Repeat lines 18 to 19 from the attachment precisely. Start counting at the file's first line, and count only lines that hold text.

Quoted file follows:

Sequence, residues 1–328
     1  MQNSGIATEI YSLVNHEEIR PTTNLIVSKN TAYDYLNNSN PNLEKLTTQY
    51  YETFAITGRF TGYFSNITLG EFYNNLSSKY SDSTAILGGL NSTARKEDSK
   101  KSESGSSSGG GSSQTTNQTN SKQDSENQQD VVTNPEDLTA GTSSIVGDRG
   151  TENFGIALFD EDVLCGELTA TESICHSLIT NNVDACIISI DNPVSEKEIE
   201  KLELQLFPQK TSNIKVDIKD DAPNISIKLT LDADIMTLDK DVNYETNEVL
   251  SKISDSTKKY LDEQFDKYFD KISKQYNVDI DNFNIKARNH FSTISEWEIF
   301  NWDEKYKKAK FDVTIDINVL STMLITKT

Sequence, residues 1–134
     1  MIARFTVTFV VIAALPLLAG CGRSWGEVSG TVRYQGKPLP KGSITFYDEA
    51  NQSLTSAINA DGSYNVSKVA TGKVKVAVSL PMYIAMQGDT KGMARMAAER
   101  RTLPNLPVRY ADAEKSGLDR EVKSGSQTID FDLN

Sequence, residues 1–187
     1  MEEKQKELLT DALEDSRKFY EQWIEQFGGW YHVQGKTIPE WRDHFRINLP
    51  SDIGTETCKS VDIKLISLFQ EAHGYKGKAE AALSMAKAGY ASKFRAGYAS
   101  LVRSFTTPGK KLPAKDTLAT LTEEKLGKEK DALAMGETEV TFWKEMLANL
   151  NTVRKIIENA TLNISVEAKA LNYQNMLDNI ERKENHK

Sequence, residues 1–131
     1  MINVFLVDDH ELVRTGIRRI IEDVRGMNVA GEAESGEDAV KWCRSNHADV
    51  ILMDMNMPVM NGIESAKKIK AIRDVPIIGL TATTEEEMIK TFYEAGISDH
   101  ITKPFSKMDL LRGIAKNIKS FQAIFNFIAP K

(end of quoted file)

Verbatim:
Sequence, residues 1–131
     1  MINVFLVDDH ELVRTGIRRI IEDVRGMNVA GEAESGEDAV KWCRSNHADV